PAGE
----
When Apple announced that Swift would be open-sourced and available for Linux, developers immediately began writing server software and frameworks in Swift with Vapor, Kitura and Perfect emerging as the top three. With very little provided by the standard library, each framework has come up with different ways of implementing the foundations they need. This has led to incompatible stacks, duplication of work, and could lead to fragmentation of the Swift server-side ecosystem.

With these concerns in mind, Apple announced the Server APIs Work Group a few weeks ago. The working group will be tasked with creating the foundation for server-side libraries and frameworks that will be cross-platform and will provide true Swift interfaces to the all the pieces they need. No longer will Swift developers have to wrap C libraries to get server essentials like SSL/TLS encryption or parsing HTTP. The end goal is to allow Swift developers to create the servers they want and need without needing to know another programming language.

The first big three items to be tackled by the Server APIs Work Group will be base networking, security and encryption, and HTTP and WebSockets.

Base networking will cover the essentials of IPv4/IPv6 networking, from socket creation to domain name resolution. Currently, there isn’t a way to create a raw socket in Swift without dropping down into C land. Basically, any kind of networking that a developer may want to do in Swift currently has call C functions of the underlying OS. This is the first step in getting a server-side framework entirely written in Swift.

The next step is implementing all of the security and encryption that the modern Internet relies on. This allows for secure HTTP transport by encrypting the data that is transported between the server and a client. The most commonly used library for handling SSL/TLS connections is OpenSSL and most of the current frameworks for Swift on the server use it. However, Vapor uses LibreSSL, a fork maintained and developed as part of the OpenBSD project, whereas macOS and iOS use Apple’s own library SecureTransport for handling SSL/TLS. OpenSSL and LibreSSL each require the install of a C library and have slight differences in the supported cryptographic schemes and neither are compatible with SecureTransport. With a coherent, Swift-provided mechanism for handling encryption and signing, developers won’t need to worry which schemes are supported by their framework and will know that whatever they use is built to be consistent with the rest of the Swift standard library.


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The final item to be handled by the working group is the handling of the protocols that are commonly used today: HTTP, HTTP/2, and WebSockets. Currently, each framework is responsible for handling its own HTTP parsing, with some using C libraries, and others writing them in Swift. Either way, it is a duplication of effort between frameworks and something a modern-day standard library should provide. In addition, some frameworks support the more modern protocols like HTTP/2 and WebSockets, while some of them do not.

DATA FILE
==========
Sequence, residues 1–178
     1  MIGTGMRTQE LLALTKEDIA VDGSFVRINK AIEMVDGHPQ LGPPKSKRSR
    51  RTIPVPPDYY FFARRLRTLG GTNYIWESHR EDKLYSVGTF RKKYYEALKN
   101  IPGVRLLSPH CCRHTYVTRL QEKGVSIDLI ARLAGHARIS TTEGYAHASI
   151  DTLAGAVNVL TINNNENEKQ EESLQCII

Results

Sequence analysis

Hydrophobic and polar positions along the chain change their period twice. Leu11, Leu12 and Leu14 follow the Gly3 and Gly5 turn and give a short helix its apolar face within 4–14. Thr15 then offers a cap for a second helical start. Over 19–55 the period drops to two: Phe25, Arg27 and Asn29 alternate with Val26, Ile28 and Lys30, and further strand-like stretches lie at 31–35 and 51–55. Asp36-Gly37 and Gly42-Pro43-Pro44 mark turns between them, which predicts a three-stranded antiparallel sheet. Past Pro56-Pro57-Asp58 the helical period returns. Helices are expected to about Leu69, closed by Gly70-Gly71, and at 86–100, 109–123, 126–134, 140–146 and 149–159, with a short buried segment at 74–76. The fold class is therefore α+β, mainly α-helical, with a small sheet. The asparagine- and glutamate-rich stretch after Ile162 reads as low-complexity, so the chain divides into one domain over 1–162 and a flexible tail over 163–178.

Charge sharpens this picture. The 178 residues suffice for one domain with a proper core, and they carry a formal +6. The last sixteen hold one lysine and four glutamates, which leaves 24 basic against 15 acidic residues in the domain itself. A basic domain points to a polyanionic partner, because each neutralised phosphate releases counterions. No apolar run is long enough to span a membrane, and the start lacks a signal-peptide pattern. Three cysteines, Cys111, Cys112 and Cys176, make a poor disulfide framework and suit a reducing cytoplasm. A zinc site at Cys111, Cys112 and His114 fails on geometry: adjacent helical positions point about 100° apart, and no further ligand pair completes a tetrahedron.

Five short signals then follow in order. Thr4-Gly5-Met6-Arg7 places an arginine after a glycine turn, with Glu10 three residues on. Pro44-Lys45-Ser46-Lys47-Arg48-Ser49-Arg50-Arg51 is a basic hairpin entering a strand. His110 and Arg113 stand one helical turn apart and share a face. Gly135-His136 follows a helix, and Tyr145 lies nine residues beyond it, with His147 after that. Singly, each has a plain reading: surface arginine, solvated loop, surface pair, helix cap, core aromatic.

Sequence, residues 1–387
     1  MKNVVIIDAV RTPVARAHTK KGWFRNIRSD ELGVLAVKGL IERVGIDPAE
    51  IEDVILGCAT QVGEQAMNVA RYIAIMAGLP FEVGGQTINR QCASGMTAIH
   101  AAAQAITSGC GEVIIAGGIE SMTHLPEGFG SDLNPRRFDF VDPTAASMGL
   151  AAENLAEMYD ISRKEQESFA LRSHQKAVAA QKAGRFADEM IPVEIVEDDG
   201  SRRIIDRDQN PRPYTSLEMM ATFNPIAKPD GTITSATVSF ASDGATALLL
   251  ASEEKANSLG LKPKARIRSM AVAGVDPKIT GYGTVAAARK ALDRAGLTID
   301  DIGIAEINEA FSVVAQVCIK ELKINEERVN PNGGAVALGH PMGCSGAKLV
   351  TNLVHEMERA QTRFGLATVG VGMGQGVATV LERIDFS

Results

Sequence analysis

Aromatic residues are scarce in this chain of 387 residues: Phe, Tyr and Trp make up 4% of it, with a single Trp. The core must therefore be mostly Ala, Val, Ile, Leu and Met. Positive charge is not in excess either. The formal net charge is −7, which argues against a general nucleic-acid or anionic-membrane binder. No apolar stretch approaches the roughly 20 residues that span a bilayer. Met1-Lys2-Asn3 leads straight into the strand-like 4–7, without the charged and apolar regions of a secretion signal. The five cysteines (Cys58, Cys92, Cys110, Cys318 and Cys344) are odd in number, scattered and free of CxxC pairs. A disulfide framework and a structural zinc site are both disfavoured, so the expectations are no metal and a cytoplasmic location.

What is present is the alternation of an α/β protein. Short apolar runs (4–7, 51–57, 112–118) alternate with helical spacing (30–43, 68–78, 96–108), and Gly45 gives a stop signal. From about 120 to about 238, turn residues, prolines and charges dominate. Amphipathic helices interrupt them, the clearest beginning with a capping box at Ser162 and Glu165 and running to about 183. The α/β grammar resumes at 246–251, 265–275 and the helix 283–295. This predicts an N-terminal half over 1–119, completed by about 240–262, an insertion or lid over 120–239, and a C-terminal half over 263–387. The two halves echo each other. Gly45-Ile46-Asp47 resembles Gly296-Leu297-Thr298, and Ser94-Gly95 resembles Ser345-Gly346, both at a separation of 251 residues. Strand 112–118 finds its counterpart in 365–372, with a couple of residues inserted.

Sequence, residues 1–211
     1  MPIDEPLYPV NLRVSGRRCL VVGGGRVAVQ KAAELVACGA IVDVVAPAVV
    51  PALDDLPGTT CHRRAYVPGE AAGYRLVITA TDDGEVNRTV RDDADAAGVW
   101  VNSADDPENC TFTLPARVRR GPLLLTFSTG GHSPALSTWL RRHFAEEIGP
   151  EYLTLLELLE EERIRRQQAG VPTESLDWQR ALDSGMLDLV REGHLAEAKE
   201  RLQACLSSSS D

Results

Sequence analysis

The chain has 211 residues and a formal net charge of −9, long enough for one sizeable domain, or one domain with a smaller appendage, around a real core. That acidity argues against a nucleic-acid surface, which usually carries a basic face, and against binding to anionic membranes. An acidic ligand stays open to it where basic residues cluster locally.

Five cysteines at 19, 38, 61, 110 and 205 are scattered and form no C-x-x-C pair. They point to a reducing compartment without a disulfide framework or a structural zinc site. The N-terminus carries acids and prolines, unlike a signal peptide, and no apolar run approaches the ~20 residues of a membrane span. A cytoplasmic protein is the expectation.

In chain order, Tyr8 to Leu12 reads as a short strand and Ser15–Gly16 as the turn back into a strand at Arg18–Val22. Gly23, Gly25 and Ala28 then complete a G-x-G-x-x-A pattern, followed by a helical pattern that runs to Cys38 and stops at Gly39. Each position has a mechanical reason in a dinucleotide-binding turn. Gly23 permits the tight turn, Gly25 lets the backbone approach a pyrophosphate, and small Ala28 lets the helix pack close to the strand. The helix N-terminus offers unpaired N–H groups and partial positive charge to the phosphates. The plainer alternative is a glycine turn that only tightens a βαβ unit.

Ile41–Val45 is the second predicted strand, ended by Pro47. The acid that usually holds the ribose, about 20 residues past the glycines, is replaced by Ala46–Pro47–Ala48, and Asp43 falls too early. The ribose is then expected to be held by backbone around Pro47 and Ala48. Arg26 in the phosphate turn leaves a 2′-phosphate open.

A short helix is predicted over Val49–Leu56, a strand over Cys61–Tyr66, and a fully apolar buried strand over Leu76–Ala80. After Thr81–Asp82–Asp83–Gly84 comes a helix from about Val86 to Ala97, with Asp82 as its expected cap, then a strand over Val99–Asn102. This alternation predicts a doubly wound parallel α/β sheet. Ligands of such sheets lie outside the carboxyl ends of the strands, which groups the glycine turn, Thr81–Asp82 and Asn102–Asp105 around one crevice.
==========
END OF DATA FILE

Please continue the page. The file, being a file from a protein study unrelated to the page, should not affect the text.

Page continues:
With the Server APIs Work Group working on the foundation needed for server-side Swift, framework authors will be able to focus their attention on more exciting and innovative features. It will also help developers know that their application won’t be restricted from WebSockets or TLS simply because their framework hasn’t incorporated it yet. And it will help end-users by having critical security bugs fixed once in the platform versus in a framework’s dependency’s (dependency’s …) encryption library.

Looking forward, there will be some further challenges for server-side Swift. The largest will be the handling of asynchronous code. Swift currently does not have any built in support for asynchronous vs. synchronous code, it is all handled through Grand Central Dispatch. Without a built-in mechanism like async/await, much of server-side code is going to have to rely on callbacks, which can very quickly lead to callback hell. One framework, Zewo, solves this problem with coroutines, allowing for an asynchronous task to re-enter the calling function at the call site. Another solution is the delegate pattern, but that is tedious and adds boilerplate for most simple tasks. Or will Swift perhaps go full functional and gain monads, allowing for asynchronous operations to be modeled as monads?!

Related: Would Async/Await Work in Swift/iOS?

Another challenge for server-side Swift will be string handling and regular expressions. Chris Lattner has acknowledged Swift’s underwhelming string handling and wants to make it better than Perl, one of the first server-side languages due to its powerful text capabilities. Unfortunately, Swift probably has the worst regular expressions interface in modern day programming languages and its other text processing functions are clunky, to say the least. On the Internet, (almost) everything is text and working with it should be streamlined and fluid.

With the Server APIs Work Group, Swift will start getting the pieces it needs to allow for pure Swift server-side frameworks. Hopefully, with the success of the group’s initial three items, they will continue to influence and create solutions to some of Swift’s other deficiencies. I think this will greatly help move Swift from an Apple-only programming language to a truly platform-agnostic, systems programming language.

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